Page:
12 posted on 10/08/2011 4:38:29 PM PDT by Repeal The 17th
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To: Hojczyk

I am a Windoze guy, but I have to admit that he said some pretty smart things.

And I think that we all win when Apple has done so much to bring more choice to customers...


13 posted on 10/08/2011 4:39:58 PM PDT by ChinaGotTheGoodsOnClinton (Go Egypt on 0bama)
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To: NittanyLion; SortaBichy
Much of this reads like he was an absolute prick.....and given that he was a huge Clintonista (end result: Apples in every skool in America), I couldn't care less that he's met his demise.

Sorry, folks. I'm pretty hardcore about this shit.

14 posted on 10/08/2011 4:40:04 PM PDT by ErnBatavia (Obama Voters: Jose Baez wants YOU for his next jury pool.......)
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To: Hojczyk
Note that nothing he ascribed to is difficult to comprehend. Yet the problem lies, for so many, in the difficult to implement. I would love to see a survey of Apple employees’ opinion of their workplace. I'd venture to predict the high marks from those employees, especially on work environment.
I wonder if Jobs had ever studied, or incorporated the techniques of, Eli Goldratt?
15 posted on 10/08/2011 4:45:20 PM PDT by jla (Who says Perry's a conservative? - Rush, Inhofe, Levin & Sowell do.)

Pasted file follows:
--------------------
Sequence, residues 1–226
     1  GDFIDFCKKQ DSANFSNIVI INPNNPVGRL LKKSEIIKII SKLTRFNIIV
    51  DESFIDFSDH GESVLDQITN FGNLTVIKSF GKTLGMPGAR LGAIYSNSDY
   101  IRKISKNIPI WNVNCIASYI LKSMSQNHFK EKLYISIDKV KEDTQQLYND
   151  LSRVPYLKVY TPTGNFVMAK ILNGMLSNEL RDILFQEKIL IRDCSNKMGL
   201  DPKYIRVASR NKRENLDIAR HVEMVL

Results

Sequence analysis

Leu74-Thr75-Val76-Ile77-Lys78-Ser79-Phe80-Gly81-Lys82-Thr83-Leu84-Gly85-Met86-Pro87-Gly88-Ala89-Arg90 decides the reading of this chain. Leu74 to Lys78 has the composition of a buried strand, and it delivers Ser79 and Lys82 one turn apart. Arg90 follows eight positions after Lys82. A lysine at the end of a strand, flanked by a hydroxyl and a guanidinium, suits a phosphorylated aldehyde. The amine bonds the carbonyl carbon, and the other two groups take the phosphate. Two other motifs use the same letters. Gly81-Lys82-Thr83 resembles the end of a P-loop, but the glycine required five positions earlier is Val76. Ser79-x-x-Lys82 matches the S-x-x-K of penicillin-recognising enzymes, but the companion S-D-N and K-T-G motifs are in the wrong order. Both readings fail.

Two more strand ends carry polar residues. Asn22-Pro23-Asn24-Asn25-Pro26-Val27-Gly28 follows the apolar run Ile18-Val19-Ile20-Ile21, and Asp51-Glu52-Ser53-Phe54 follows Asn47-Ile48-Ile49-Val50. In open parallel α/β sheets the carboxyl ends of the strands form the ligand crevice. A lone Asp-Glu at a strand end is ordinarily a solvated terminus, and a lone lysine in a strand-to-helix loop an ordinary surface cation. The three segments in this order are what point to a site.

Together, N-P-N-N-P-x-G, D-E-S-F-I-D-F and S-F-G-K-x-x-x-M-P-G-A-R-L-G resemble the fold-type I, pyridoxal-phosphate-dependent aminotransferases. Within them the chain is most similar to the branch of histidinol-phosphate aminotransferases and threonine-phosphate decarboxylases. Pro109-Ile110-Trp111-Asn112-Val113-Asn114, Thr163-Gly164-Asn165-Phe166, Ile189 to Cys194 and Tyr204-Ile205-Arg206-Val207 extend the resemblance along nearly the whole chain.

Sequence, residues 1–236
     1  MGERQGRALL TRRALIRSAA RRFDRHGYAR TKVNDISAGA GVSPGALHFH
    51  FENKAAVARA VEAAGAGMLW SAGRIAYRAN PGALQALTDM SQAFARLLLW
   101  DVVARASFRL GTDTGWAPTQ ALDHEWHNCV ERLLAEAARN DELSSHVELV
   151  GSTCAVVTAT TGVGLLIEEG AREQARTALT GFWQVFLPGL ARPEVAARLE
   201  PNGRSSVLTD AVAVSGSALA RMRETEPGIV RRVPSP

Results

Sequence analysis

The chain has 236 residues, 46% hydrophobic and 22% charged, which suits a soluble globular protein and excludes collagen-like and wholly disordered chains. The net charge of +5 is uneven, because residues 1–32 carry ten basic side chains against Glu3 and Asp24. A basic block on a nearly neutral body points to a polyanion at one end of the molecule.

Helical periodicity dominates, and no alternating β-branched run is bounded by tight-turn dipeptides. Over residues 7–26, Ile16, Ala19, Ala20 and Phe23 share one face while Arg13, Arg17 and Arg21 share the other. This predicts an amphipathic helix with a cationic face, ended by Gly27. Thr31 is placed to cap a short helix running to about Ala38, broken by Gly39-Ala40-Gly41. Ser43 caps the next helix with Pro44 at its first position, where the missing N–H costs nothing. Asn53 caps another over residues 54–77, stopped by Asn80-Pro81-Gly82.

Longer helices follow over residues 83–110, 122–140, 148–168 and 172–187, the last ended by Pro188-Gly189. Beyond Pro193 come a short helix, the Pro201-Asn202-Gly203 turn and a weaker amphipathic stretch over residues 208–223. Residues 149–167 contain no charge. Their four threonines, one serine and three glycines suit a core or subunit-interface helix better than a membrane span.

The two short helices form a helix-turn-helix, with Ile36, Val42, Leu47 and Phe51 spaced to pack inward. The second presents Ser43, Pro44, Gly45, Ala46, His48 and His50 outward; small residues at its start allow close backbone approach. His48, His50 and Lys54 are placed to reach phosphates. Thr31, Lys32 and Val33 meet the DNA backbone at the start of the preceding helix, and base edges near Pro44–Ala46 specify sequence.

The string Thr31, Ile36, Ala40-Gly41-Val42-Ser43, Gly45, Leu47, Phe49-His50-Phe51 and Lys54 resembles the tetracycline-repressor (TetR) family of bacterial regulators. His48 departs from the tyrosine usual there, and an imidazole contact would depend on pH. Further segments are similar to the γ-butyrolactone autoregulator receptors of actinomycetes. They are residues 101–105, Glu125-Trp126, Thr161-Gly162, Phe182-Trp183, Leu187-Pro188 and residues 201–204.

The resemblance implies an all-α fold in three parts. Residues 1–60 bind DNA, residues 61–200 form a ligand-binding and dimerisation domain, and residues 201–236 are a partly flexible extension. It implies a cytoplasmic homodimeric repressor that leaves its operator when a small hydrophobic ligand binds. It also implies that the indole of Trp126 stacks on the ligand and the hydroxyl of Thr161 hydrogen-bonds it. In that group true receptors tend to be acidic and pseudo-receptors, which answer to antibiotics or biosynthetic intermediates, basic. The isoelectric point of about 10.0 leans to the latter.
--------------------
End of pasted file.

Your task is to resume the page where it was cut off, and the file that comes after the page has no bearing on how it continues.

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To: Repeal The 17th
I think from a marketing perspective that was a good way to give his competition a jab.

I don't think in his heart he really meant that. Apple and MS have been locked in battle for a good share of each's existence.

But I don't think he said that seriously.

16 posted on 10/08/2011 4:45:24 PM PDT by ChinaGotTheGoodsOnClinton (Go Egypt on 0bama)
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To: Hojczyk

Most of these are just blathering, but this one is actually significant:

9. “When you first start off trying to solve a problem, the first solutions you come up with are very complex, and most people stop there. But if you keep going, and live with the problem and peel more layers of the onion off, you can often times arrive at some very elegant and simple solutions. Most people just don’t put in the time or energy to get there.”


17 posted on 10/08/2011 4:48:22 PM PDT by Kirkwood (Zombie Hunter Hobbit)
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To: Hojczyk

The quote about Bill Gates is a good one, right on target. Had the boy taken acid once or twice, he wouldn’t be now running to Africa with mosquito nets, posturing politically to save the planet, or befriending the likes of Warren Buffett only because of the similarities between the numbers on their bottom lines. Sheesh!


18 posted on 10/08/2011 4:51:36 PM PDT by Revolting cat! (Let us prey!)
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To: SkyPilot
They sure beat Pelosi, Reid, and Obama’s Top 25 quotes.

Do those three have one quote among them worth repeating? Oh I suppose if you expanded the criteria for "quotes" to include the stupidest things said you could get up quite a list from those three. Heck, include Joe Biden and you have a damn encyclopedia.

19 posted on 10/08/2011 4:53:43 PM PDT by mc5cents
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To: ErnBatavia
Steve Jobs: The Secular Prophet (Andy Crouch, Wall Street Journal)